When NDT first appeared for concrete application, it was common to model the prediction of the concrete strength using only one of the above tests. However, as found by many researchers, the combination of different NDTs can lead to more accurate and reliable models [9, 1113]. In order to approximate the appropriate estimates of indicators (response variables), for example, Ploix et al. [14] performed a combination or fusion of NDT data as radar test, electrical resistivity and capacity, infrared thermography, impact echo, and ultrasound to predict the simultaneous estimation of the water saturation and porosity rate in concrete for undamaged concretes measured in laboratory conditions. They measured different NDT parameters, such as frequencies, velocities, and attenuations, and after that they conducted an statistical analysis with the purpose of identifying empirical correlations, linking each experimental parameter to both searched indicators. There were identified correlations with bilinear regressions, as a first approximation, but since some different NDT measurements are very sensitive to material heterogeneity, variability, and experimental noise, relative disagreement or conflict between sources of information happened (i.e., measurements); thus the prediction models rapidly became ill-conditioned. Therefore, it was decided to combine several NDT techniques (at least three) providing more suitable information. Kaftandjian et al. [15] used a data fusion approach to improve weld inspection by NDT, combining the use of evidence theory and fuzzy logic, in their framework. X-ray and ultrasonic inspection were modeled in order to generate 3D images from both NDTs for evaluating defect detection and defect sizing of welded joints for industrial purposes, showing that the fusion of data significantly enhances the reliability of the defect recognition. Maierhofer et al. [16] used radar, ultrasonic, impact echo, and thermography data fusion for predicting deterioration of concrete vehicular bridges, noting that the data fusion technique increases reliability, and improved the accuracy of the quantitative results, exploiting the different, and sometimes complementary, physical effects provided for different NDTs. Shah and Ribakov [17] described a testing procedure based on the dynamic response of the cracked or flawed concrete structures subjected to impact loading and on analyzing the ability of the resistivity measurement to detect and to locate cracks and spalling with in situ measurements on a damaged concrete slab. Huang et al. [9] developed a SonReb (the combination of rebound hammer and ultrasonic pulse velocity tests), for compressive strength prediction of concrete samples, using a probabilistic multivariate regression model, taking into account the data of the proportions of the concrete mix (curing conditions and the age of the concrete), assessing the model from Bayesian updating rule. Lui et al. [18] provide a very wide state-of-the-art report regarding NDT data fusion techniques. They established the use of multiple NDT methods to increase the reliability and reduce the uncertainty of testing and evaluation. Nonetheless, there are cases in which the use of all available tests creates a model that only works in the samples used to empirically correlate the obtained data, and thus the model does not generalize. In order to deal with this problem, it is necessary for an automatic method of variable selection (here variables are the NDT) to establish a simple model that achieves the prediction/explanation of the response variable, together with an efficient estimation of the coefficients.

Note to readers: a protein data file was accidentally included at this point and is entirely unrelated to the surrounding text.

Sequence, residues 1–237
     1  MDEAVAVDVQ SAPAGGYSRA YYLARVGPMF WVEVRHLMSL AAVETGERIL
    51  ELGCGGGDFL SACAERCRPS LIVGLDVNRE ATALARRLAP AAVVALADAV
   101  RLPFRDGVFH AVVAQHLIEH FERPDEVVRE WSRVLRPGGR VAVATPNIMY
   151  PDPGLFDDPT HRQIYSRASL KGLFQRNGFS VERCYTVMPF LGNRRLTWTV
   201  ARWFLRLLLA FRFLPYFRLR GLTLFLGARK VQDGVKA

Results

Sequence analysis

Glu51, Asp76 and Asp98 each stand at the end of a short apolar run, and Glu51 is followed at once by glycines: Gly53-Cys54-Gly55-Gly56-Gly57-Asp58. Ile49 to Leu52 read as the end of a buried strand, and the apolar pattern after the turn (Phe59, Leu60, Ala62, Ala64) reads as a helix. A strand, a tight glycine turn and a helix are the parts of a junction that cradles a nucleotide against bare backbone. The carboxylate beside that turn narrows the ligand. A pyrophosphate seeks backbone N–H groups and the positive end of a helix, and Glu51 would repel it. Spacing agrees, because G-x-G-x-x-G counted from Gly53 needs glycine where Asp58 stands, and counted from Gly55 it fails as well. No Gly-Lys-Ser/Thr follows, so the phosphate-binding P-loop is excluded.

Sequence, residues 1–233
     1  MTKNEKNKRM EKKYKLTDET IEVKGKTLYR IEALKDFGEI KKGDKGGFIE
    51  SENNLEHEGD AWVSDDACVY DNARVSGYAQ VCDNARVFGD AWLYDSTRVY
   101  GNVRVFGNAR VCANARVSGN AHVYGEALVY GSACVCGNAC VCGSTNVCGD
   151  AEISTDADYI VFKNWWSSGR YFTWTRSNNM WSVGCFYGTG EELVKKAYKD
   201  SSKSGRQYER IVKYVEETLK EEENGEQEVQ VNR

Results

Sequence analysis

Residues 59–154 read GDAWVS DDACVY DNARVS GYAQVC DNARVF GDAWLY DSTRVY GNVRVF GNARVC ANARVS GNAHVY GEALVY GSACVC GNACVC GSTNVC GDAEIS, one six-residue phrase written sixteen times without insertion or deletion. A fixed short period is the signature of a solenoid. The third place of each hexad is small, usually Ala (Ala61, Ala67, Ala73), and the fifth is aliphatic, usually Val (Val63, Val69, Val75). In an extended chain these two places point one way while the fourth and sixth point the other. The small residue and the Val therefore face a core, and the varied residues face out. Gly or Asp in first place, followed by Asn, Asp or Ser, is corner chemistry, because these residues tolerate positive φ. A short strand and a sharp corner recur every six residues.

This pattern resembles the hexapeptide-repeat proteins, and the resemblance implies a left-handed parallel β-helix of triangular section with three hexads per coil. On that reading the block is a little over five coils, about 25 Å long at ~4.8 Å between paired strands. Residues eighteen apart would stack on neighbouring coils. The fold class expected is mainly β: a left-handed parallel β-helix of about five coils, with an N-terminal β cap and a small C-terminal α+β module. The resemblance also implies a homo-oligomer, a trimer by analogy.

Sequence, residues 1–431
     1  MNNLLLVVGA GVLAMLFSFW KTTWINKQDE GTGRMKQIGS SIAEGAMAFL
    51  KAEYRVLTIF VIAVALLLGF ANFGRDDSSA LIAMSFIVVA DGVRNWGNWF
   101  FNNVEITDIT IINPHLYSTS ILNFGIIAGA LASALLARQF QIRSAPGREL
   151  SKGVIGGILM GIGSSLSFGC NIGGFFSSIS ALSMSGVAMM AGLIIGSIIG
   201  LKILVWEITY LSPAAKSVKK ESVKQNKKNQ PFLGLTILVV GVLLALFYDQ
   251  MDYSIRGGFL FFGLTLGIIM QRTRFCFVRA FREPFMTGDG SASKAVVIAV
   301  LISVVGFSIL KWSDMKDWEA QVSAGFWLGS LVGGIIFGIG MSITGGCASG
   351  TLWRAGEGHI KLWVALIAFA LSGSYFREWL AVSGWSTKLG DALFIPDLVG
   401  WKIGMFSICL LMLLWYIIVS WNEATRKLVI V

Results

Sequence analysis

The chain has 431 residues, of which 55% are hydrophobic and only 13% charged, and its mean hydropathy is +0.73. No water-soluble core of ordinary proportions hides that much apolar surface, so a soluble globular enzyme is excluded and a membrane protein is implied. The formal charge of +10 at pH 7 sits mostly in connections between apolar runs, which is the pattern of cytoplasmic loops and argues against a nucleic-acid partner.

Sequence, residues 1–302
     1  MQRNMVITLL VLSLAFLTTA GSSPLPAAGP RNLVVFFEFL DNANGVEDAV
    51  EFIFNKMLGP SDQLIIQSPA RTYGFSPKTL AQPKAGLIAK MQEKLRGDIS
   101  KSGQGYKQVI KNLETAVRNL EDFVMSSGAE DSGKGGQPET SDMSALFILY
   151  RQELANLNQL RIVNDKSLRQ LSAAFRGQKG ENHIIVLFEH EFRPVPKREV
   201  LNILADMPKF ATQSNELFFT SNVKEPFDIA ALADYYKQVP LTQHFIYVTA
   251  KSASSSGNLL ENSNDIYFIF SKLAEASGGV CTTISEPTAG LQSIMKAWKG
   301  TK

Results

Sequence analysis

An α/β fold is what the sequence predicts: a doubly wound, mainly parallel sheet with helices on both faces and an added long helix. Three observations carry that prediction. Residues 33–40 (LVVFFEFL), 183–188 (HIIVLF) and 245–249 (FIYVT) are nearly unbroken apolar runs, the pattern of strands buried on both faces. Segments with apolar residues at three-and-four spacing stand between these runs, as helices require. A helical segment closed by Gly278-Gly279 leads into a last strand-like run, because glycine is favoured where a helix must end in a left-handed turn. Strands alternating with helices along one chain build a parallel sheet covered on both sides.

Given that there are only 6 different variables to create the model, in this contribution, a decision was made to test all the linear combinations of these variables, that is, create 64 models. The model proposed was selected from these 64 models by using a cross-validation technique. Furthermore, to illustrate the generality of the model, few samples were removed from the model formulation and selection process, and the results presented on this contribution are computed using the removed samples to validate the predicted model. Clearly, there are situations where it is not possible to compare all possible models. To provide a complete picture of this scenario, it was decided to use a cross-validation technique to select the best from the different 64 models.

In addition to this, in order to compare the proposed model against the ones described in the literature, a comparison was made with more than ten different models against the ones proposed here. The results show that the model proposed here is competitive with the ones proposed in previous investigations. In addition, the independent variables used in this investigation were used also with the other models found in the literature. With this extended set of independent variables, all the possible linear modes were initiated and used the selected mechanism to identify the best model. The result observed was that this novel model is competitive when compared against other models previously reported. However, the proposed model has a better correlation factor and was simpler in the sense that it has fewer degrees of freedom.

In this study, different frameworks to predict the and the MOR of hydraulic concrete were constructed, based on data from electrical resistivity test (ERT), ultrasonic pulse (UPV), resonance frequency test (RFT), and rebound number test (RNT), obtained from cylindrical and prismatic specimens.